“Well,” Pat said, keeping his voice low so no one except Kevin could overhear his conversation with the big man, “I want you, y’know, to talk to the Sarduccis. Convince them to back off on poaching my workers. Maybe convince them to close a couple hours before we do. Let them know I’m not happy with things, y’know.”

     “And how exactly do you expect me to do that?”

     Pat squirmed inside and gripped the bar. “Talk to them…convince them however it takes, Q-Squared. Do what you do, man. You know how to make people change their ways, right?”

     Q-Squared stared at Pat a moment. Then he turned his head and stared at Kevin for a moment. Then he sighed and said, “Fellas, I’ve been trying to get out of that kind of work. I spent a ton of time while I was gone thinking about stuff, looking at my life. Last year I kind of realized how deep in a shit hole I had sunk and how, for me, it’s an upward climb just to get to the bottom of that shit hole, that’s how deep I’d gone. Ya hear me? I’m lower than the bottom. I’ve been looking for plain, honest work since I got back here, but Scranton isn’t exactly hopping with jobs, especially for guys with my reputation, it seems. I even considered asking again down at the casino, but they’ve made it pretty clear I’m too much damaged goods for their tastes. I can maybe get warehouse work, I don’t know. I’d probably screw that up the first time some jerkwad pissed me off, though. I don’t know.”

     Q-Squared fell silent and stared at the wall somewhere above Pat’s head, lost in his thoughts, his big hands clasped as he leaned forward on the bar. Pat and Kevin sat quietly, too scared to say anything.

     “I do need money, though,” Q-Squared finally said, sighing again. “Gotta have money to tide me over until I get a proper job.” He locked his eyes on Pat again.

     Pat said, “I’d really appreciate it, Q-Squared. So would my employees. What would you say would cover your time and effort in paying the Sarduccis a little visit? They’re always there at Bella Vita whenever it’s open.”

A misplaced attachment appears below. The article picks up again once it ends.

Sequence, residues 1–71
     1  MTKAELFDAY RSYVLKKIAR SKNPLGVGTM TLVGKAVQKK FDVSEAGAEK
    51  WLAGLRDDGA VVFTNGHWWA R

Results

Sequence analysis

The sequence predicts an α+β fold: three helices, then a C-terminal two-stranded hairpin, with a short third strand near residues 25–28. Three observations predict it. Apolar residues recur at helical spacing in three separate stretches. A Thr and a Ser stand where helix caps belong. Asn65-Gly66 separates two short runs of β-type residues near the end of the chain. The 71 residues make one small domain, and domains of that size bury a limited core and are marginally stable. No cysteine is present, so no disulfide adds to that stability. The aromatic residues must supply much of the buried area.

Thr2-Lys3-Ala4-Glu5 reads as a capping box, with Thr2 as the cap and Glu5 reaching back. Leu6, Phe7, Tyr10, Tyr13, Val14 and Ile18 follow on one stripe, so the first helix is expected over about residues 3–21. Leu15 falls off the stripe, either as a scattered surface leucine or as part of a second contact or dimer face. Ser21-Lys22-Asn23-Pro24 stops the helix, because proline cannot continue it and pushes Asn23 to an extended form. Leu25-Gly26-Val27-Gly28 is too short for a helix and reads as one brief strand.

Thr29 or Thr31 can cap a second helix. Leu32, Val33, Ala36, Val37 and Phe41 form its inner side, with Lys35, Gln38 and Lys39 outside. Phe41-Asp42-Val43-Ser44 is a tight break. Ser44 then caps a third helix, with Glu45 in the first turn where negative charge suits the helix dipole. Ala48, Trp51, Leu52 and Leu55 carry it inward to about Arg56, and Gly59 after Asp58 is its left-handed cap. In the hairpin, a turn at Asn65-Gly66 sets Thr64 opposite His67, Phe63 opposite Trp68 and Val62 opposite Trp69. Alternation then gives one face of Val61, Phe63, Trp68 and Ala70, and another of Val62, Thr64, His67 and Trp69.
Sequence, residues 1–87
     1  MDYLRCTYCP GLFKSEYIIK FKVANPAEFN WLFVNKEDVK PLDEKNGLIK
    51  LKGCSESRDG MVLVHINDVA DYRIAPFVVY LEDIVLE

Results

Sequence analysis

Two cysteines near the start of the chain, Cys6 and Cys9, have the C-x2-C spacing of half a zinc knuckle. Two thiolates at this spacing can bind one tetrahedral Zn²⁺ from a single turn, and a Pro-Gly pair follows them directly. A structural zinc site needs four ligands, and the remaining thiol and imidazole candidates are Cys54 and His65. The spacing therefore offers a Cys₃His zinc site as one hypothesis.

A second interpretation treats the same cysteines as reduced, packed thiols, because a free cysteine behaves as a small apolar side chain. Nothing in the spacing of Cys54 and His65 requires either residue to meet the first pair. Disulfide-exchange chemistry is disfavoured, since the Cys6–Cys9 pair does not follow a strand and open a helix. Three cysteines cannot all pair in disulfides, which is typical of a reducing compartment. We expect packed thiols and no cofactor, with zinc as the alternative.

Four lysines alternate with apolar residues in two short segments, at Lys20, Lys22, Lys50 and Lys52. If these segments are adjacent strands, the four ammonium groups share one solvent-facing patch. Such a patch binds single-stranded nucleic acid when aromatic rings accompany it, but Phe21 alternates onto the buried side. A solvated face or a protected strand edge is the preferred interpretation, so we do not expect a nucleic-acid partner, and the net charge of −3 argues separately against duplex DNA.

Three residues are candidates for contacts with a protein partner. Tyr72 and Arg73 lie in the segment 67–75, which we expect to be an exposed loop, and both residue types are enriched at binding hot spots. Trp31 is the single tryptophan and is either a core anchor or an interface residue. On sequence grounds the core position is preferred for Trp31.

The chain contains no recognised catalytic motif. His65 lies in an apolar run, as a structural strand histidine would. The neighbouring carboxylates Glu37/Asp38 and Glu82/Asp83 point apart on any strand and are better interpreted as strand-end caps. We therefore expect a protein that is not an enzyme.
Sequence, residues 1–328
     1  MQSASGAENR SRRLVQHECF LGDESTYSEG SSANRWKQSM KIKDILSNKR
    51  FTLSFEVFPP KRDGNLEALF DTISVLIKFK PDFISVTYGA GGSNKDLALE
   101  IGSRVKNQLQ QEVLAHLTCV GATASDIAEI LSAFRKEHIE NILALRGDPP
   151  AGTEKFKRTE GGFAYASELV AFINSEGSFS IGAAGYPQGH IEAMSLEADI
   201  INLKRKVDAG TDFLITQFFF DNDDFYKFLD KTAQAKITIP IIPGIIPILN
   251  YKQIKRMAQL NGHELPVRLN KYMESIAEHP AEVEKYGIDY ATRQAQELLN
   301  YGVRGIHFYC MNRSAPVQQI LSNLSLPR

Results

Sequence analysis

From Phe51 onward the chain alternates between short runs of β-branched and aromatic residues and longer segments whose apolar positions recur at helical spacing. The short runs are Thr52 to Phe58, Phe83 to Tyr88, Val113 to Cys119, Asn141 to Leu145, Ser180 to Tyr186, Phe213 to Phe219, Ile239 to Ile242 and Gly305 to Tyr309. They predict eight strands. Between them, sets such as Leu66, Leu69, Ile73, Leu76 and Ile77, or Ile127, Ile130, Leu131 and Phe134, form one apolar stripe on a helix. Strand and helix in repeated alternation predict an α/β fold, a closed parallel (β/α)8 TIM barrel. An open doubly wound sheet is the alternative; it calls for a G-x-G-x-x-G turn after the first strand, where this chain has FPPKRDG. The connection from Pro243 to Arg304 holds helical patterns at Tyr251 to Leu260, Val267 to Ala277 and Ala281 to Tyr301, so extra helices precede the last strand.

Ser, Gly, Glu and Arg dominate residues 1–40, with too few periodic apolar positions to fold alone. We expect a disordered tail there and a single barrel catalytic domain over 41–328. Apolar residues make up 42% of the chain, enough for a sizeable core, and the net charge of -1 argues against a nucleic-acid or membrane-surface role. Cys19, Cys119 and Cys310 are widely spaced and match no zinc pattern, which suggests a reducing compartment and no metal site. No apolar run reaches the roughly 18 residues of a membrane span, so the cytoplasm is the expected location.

“Just talking with them, right? Chat and convince them, right?”

     “Yeah, that’s all I’m wanting. Yeah.”

     Q-Squared glanced at Kevin, who immediately nodded and said, “Yeah, just talk with ’em.”

     More silence. More direct staring.

     Pat cleared his throat and murmured, “Say, a thousand bucks?”

     A muscle by Q-Squared’s eye twitched. More silence.

     “How about two thousand?” asked Pat quietly.

     “That’ll work,” said Q-Squared, rising, putting on his windbreaker, and saying as he headed for the door, “I’ll be back shortly.”

     Pat and Kevin heaved nervous sighs of relief. Kevin asked, “Do you suppose he’ll just talk with them? I mean, he won’t…do anything crazy, do you suppose?”

     Pat shrugged his shoulders and said, “Well, I hope it’ll be something minimal, just talk, just a warning. I mean, the guy’s trying to get his act together and stop doing like he did before, so he’s not wanting to hurt those people, y’know?”

     “Yeah, right. He’s changed from the old Q-Squared.”

     “Right.”

     “Right.”

     “Well, I have to get back to work, Pat. I’ve been gone too long already. Text me if you hear anything. We still on for Sunday at the barbecue?”

     “Yep, we’re still on. I’ll be there. And I’ll text you as soon as I know anything.”

Pat calmed down over the next hour. He was sure it was going to work out fine and the $2,000 to Q-Squared would be money very well spent. He was sure of that right up until he heard the first siren screaming by on Pittston Avenue. It was a police car headed down the street toward Bella Vita. Then another police car. And then two more plus a fire truck. Then an ambulance. All with sirens screaming, all with lights flashing, all coming to a stop down the way, right in Bella Vita’s parking lot. Pat slowly nodded his head, rolled his eyes, and reached for the vodka bottle, saying quietly to himself, "At least I didn't have to pay in advance."


August 06, 2022 05:49

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2 comments

John Jenkins
17:29 Aug 19, 2022

Very sophisticated. This is probably the highest-quality story I've read on this website so far. I found myself wanting to know more about Hannah. She seemed like an interesting character. Anyway, great job.

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Jim Wilkerson
18:20 Aug 19, 2022

Yes, John, couldn't you just see Hannah's story as a nice complement to this story? We really know little about her. She was clearly ready to move on in her life, but what drew her to Pat--or more generally, to a guy like Pat--in the first place? Can we credit her with particularly good judgment? Maybe not. Also, what becomes of her? Does she go forward to better days without a backward glance, or does her life meander, stall, maybe even regress? Does she ever escape the dial-tone vibe of Scranton? Does she really want to? Thanks for readin...